The other morning my son Russell came hoping out of his room on one foot, grimacing with pain. He had a killer charlie horse and it wouldn’t go away. Bananas I thought. Potassium. Should I be giving him something with electrolytes? My not-quite-awake brain was trying to remember all the kitchen remedies I could come up with while making lunches, letting the dog out, and serving breakfast.
“I think you should massage it.” I yelled as he hopped back to his room. His sister peeked out of her bedroom and snickered. Watching someone who is nearly 6′ 3″ hop along a hallway with one leg curled up underneath them is somewhat comical. But there is absolutely nothing funny about charlie horses.
When your muscles are trapped in the incessant grip of a muscle spasm it is all you can do to breathe, let alone hop. I know when I’ve had a charlie horse the thought of touching my skin while it feels like ten inch chefs knives are being thrust into my muscles is nearly impossible. Sometimes I can breathe through a charlie horse. Other times I just whimper. Russell was rather stoic, but clearly in pain.
I thrust a banana into his hand and did a quick internet search. The New York Times had a great article which I quickly skimmed. Sure enough their remedy suggestions included hydration, potassium, and calcium. If you are exercising when a charlie horse starts you’re supposed to stop, however in Russell’s case he had just been sleeping (which most 15-year-olds seem to do a lot of). Was hopping considered an exercise if he did it on his non-charlie-horse leg? I scrambled to finish the morning routine since there was a bus to catch. After the banana I handed him a glass of calcium enriched orange juice. It was the best I could do and still finish their lunches.
As Shawn drove them to the bus stop I had my light bulb moment – banana fruit smoothies. Years ago I’d written an article about fruit smoothies for a magazine and realized they didn’t need to have ice cream or frozen yogurt to give them that smooth creamy texture. The secret was frozen bananas. Bananas have a fairly neutral taste, replicate ice cream’s texture when blended from frozen chunks, and are something my freezer is full of. I can’t abide a banana with spots. Once it has spots it is only good for baking or making smoothies with. What can I say? My mother’s business partner would only eat the brownest, spottiest bananas she could find. We should have been banana roommates since we were on opposite ends of the banana spectrum. Since we don’t share a kitchen I have a freezer full of frozen bananas.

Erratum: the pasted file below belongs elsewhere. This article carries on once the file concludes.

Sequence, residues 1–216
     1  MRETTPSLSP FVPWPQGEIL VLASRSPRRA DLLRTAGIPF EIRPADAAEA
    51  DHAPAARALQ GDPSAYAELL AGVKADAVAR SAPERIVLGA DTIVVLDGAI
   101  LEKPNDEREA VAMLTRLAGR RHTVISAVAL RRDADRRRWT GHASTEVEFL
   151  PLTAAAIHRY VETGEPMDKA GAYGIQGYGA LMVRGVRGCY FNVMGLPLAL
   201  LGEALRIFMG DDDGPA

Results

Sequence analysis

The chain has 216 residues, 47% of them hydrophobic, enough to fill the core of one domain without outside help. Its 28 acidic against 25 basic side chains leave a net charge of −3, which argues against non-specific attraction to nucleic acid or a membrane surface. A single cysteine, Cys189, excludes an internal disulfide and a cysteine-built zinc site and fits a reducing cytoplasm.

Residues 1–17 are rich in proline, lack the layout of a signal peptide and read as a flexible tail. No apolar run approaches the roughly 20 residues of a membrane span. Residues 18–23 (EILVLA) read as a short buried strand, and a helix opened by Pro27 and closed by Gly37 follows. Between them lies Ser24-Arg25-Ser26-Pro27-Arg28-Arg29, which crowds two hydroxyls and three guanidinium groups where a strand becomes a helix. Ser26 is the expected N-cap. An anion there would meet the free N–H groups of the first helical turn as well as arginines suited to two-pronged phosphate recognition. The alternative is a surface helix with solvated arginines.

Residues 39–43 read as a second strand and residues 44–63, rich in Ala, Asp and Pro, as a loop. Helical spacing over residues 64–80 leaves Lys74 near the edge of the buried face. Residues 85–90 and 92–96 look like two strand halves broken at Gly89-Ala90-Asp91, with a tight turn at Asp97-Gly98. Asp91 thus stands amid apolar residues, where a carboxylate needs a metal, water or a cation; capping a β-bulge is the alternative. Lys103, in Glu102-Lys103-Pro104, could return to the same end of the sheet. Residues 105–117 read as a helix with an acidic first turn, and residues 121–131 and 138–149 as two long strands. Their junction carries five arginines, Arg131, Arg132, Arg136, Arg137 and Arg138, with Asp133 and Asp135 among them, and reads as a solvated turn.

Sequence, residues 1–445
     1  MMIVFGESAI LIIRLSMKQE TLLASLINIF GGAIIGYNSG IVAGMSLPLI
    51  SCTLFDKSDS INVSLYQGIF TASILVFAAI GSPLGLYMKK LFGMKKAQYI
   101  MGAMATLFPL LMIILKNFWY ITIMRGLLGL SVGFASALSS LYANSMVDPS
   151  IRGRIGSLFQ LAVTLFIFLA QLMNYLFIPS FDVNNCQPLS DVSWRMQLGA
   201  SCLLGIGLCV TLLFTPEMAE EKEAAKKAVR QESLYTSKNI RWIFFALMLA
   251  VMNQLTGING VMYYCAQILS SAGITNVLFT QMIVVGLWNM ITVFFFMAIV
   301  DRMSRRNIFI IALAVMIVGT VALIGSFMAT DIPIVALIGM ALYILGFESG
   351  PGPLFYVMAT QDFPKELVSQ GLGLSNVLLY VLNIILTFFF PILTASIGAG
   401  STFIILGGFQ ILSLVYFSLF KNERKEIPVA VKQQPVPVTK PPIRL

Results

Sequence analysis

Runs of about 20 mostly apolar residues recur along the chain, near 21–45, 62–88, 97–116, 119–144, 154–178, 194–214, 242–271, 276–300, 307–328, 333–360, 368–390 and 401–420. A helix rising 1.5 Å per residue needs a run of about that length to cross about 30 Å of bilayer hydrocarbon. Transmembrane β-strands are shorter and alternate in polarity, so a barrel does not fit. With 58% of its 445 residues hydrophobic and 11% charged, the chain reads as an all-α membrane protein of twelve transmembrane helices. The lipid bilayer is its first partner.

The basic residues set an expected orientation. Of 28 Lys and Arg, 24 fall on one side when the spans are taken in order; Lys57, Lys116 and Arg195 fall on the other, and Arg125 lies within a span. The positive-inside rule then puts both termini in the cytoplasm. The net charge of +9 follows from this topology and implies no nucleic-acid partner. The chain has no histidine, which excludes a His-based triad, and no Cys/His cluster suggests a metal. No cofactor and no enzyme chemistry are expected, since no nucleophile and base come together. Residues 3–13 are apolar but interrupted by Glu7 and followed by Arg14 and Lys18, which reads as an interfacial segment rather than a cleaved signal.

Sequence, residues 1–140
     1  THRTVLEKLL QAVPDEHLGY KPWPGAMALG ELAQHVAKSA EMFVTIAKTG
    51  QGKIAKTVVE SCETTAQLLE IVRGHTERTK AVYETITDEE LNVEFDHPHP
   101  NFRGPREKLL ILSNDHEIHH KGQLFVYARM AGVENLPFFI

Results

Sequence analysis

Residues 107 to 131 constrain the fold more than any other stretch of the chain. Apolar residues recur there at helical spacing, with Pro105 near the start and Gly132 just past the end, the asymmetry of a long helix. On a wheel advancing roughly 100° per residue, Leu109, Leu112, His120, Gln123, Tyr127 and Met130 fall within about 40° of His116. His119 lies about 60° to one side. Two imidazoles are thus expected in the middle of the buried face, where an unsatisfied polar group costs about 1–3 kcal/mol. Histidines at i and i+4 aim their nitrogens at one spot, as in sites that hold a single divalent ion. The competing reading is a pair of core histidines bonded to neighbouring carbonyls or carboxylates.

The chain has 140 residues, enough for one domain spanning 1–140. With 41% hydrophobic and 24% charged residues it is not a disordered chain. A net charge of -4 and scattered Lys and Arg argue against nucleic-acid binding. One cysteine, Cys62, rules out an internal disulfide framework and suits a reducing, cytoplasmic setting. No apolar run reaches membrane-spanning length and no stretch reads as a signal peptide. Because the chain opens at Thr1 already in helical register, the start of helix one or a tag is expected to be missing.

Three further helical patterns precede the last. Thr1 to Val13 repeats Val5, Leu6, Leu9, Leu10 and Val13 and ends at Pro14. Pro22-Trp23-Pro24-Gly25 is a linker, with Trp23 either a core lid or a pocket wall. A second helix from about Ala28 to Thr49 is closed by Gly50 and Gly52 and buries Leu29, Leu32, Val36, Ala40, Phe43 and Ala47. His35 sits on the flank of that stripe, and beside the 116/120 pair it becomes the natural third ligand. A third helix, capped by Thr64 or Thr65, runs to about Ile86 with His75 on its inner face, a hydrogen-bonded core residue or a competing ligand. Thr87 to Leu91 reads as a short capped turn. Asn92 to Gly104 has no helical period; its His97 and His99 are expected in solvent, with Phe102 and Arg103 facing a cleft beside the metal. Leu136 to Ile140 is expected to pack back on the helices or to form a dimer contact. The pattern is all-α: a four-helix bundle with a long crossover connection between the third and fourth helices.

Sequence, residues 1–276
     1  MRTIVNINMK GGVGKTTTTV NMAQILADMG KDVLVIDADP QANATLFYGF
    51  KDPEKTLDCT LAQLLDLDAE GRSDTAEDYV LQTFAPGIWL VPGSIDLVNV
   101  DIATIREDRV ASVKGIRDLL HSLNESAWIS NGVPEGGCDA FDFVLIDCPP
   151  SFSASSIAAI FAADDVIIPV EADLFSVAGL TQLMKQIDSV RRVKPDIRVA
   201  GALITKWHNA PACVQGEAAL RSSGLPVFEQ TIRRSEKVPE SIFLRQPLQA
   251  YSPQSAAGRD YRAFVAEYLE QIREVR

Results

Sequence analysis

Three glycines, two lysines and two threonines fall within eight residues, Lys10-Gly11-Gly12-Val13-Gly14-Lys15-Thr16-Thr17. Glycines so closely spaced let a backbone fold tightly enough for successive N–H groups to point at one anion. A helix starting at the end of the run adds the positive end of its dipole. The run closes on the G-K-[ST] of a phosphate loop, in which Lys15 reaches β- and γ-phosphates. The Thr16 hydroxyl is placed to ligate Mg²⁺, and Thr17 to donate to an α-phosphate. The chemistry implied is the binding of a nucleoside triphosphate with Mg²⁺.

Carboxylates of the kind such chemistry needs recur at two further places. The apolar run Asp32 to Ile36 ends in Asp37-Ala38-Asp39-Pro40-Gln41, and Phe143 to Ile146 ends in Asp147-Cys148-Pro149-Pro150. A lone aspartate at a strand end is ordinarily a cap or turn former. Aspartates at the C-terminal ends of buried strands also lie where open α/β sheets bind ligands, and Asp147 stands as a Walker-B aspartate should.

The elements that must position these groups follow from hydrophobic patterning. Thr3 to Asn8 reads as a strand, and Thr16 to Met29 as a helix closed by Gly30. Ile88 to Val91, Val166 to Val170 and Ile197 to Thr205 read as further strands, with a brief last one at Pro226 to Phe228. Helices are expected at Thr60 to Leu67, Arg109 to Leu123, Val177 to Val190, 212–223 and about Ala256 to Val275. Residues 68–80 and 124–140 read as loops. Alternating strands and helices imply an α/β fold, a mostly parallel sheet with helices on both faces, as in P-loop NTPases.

For the magazine article I came up with “recipes” but really it goes like this: a handful or two of frozen sliced bananas, fruit juice, some berries or soft fruit to jazz it up. That’s it. You can play around with combinations but it is hard to go wrong. No ice. No sorbet. No ice cream or frozen yogurt. As Jamie Oliver says, “Easy Peasy”.
Here is the main trick – peel your bananas before freezing them.
Banana Fruit Smoothies
1/2 – 3/4 frozen banana cut into chunks (more or less)
1-2 cups fruit juice
1/2 – 1 cup other fruit, chopped if large
Place the fruit and juice in a blender set on ice crush. Blend until very smooth and no big chunks are left. Normally I use all frozen fruit. You could use fresh fruit for the “other” fruit if you wanted, but remember the frozen fruit helps take the place of ice cream.
I haven’t given strict amounts since you may want your smoothie very thick, or thinner. Some fruit may require more juice to help liquefy it. The idea is to play around.
Here are a few different combinations we enjoy (though really we work with whatever is in the freezer besides bananas).
- Banana-Orange-Peanut Butter
What are some of your favorite smoothie combinations?
Update 6/6/13 I’ve had several recommendations on preventing charlie horses since I wrote this post, including one from our friend Molly who is a homeopath. Magnesium supplements were a suggestion I heard several times. We tried this one and found it worked pretty well. Again I am not a doctor so this is not medical advise – just what’s worked for us.